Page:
The ball flew off Jesus Aguilar’s bat at 105 mph, but Trea Turner was there. Heels already on the lip of the outfield grass, the Washington Nationals shortstop stepped quickly to his right, dove to snare the ball, then fired across the infield to nab the runner.
MLB’s Statcast estimated Aguilar’s swing on Saturday in the second game of Washington’s series with the Miami Marlins had a 65% chance of leading to a hit. But Turner ensured the slugger trotted back to the dugout rather than remain at first.
With Turner’s speed and athleticism, he’s made standout defensive plays throughout his career. But after a 2020 season in which Turner struggled in the field, particularly with lapses on comparatively routine plays, Turner’s defensive improvement adds another tool to a do-it-all shortstop who’s staking his claim as one of the best in baseball.
“We always talk about Trea being an MVP. I think he’s an MVP-caliber player,” Nationals manager Dave Martinez said. “I think him playing defense is a big part of him becoming that guy, and I think he understands that. So he takes a lot of pride in his defense, and he wants to get better at it.”
Even with shakier defense than normal last season, Turner put himself in the MVP conversation with his bat. He finished with 78 hits, the most in the majors, during the coronavirus-shortened 2020 campaign. Turner posted a .982 on-base-plus-slugging percentage, and he finished seventh in MVP voting.
His production at the plate is still here in 2021, with Turner hitting at a .309 clip with six home runs and 10 RBIs in 24 games this year. But the next piece to his game is his considerable improvement in the field.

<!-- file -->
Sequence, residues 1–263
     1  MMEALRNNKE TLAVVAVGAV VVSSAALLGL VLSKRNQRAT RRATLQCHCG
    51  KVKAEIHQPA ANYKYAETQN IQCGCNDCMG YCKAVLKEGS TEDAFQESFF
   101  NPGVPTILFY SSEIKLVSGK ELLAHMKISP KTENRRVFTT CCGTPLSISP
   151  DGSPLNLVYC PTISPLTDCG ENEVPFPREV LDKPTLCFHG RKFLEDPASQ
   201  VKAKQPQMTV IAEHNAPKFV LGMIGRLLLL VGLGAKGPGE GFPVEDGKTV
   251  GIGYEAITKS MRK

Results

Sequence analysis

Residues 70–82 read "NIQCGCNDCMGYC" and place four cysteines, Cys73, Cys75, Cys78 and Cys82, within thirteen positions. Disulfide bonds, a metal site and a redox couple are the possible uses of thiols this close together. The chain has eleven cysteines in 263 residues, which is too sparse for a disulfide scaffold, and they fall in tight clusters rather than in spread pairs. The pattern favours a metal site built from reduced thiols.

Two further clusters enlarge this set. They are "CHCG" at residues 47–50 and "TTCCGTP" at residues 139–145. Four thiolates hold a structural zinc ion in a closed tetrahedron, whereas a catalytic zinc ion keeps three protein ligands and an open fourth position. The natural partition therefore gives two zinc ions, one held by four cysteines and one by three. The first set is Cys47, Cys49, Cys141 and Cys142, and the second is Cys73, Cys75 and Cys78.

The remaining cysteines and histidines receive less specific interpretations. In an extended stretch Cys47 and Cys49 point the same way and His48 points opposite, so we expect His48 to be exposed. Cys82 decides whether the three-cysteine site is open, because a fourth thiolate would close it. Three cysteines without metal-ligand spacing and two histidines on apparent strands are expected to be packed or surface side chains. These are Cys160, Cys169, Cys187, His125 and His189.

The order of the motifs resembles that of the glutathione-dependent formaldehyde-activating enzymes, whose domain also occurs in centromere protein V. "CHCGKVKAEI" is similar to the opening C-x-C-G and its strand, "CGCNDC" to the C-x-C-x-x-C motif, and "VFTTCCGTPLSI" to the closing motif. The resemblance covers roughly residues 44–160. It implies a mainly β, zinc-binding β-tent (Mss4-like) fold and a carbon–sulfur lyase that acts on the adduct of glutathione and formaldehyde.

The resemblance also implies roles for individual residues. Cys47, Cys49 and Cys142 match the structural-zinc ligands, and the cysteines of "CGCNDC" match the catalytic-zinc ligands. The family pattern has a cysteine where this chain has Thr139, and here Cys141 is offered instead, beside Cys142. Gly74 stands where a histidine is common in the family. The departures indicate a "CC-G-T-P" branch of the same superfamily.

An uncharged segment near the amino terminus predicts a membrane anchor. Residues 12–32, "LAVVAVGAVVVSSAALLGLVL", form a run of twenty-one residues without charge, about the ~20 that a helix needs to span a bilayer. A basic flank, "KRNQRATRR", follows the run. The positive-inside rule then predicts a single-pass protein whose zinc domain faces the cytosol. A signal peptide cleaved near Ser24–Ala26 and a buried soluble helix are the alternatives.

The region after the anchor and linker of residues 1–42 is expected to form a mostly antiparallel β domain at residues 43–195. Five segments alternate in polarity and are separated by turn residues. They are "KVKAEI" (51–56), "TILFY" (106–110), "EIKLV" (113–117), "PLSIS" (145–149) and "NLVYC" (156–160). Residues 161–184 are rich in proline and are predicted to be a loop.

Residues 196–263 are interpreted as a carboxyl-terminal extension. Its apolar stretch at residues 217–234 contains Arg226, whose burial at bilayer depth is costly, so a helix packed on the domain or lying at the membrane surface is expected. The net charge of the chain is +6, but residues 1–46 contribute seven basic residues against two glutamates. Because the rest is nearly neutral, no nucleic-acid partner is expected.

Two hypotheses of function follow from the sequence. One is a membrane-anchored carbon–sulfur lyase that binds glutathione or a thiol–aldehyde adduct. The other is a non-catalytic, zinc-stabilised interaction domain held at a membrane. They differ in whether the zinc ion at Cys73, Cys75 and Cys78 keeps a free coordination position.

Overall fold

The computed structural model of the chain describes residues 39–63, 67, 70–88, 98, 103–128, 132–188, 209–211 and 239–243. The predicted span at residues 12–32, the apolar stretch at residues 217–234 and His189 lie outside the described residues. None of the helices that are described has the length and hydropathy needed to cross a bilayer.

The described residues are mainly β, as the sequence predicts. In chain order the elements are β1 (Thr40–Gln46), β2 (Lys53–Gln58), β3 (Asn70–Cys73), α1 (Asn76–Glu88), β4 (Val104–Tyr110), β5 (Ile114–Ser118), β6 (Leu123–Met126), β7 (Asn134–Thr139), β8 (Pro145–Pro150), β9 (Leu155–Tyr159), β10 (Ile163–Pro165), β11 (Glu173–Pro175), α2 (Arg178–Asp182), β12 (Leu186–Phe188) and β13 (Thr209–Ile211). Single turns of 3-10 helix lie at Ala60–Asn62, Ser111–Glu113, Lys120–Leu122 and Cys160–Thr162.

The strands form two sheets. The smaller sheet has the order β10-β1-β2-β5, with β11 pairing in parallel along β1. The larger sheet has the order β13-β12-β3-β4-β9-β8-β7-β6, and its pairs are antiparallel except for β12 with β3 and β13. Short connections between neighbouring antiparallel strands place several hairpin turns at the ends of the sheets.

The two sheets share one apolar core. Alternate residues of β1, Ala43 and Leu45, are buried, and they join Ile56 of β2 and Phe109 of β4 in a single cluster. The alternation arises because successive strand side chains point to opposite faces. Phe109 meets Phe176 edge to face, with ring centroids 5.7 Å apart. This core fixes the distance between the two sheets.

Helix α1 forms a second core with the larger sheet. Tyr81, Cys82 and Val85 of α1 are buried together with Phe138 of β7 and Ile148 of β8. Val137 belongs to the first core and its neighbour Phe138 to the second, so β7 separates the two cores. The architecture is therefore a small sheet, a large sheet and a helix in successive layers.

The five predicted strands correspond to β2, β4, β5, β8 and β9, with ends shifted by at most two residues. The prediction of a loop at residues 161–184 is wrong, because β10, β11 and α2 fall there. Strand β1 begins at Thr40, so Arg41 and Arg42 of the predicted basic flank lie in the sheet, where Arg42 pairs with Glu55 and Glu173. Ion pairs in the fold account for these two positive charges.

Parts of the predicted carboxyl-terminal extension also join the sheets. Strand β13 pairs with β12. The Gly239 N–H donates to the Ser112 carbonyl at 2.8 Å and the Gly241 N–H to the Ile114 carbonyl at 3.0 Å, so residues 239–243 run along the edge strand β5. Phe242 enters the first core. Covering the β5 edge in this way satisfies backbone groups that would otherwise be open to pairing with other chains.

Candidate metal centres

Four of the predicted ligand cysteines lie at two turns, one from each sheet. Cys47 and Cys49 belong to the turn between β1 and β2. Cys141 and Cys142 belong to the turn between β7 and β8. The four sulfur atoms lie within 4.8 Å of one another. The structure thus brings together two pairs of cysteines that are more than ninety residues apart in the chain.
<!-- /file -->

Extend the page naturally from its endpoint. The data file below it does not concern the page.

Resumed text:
Turner finished last season with minus-five defensive runs saved above average, a metric that calculates how many runs better or worse a player is compared to the average player at any given position.
Turner now has five defensive runs saved above average so far this season, tied for the most among shortstops around the league.
His ultimate zone rating per 150 plays — another metric that calculates defensive performance — sat at minus-7 last season but has risen to 13.3 this year, the best rating in MLB, according to FanGraphs. His defensive wins above replacement has gone from minus-0.1 last season to 0.8 — again, tied for the best mark in baseball.
“I felt like in the offseason I made some good adjustments and kind of built a better foundation going into the year,” Turner said. “Now it’s just continuing that, and I feel like when you do that you have a little bit more confidence and you seem to make some more plays here and there.”
Turner has continued that work into the season with Nationals first base coach Tim Bogar. Turner is positioned deeper in the infield now, which allows him to use his speed to get to more balls. He can cut off angles, charge slow rollers and work deep in the hole.
He works on turning two, and he takes “backhands, backhands, backhands” every day, Martinez said.
“When he’s ready on defense, he has so much range,” Martinez said. “He’s worked his tail off to get better. And understanding how he can get better, that’s the big thing. We want him to work hard, but we want him to work smart, as well. Not just go out there and take ground balls. There are certain things that he and Bogey work on every day that make him that much better.”
The progress is most noticeable with each web gem he converts, and his last week has been full of them.
There was that diving play to rob Aguilar of a hit on Saturday, but he also used a jump throw to turn two one inning later. On April 28, with two outs and the bases loaded against the Toronto Blue Jays, Turner charged a dribbler, barehanded the ball and ended the threat with a strike to first. And two days later, a nifty backhand snare of a sharply hit grounder led to a double play.
Those plays, on top of what Turner brings at the plate, skyrocket Turner’s value — which could be a complicating factor should the Nationals look to keep the 27-year-old around as a franchise cornerstone after his one-year deal ends this offseason. But those plays also cement Martinez’s claim that Turner is an MVP-caliber player.
“You never know what he’s going to do on a daily basis, whether it’s offensively or defensively,” Ryan Zimmerman said. “He’s one of the most exciting players in the game, and it’s a treat to watch him every day.”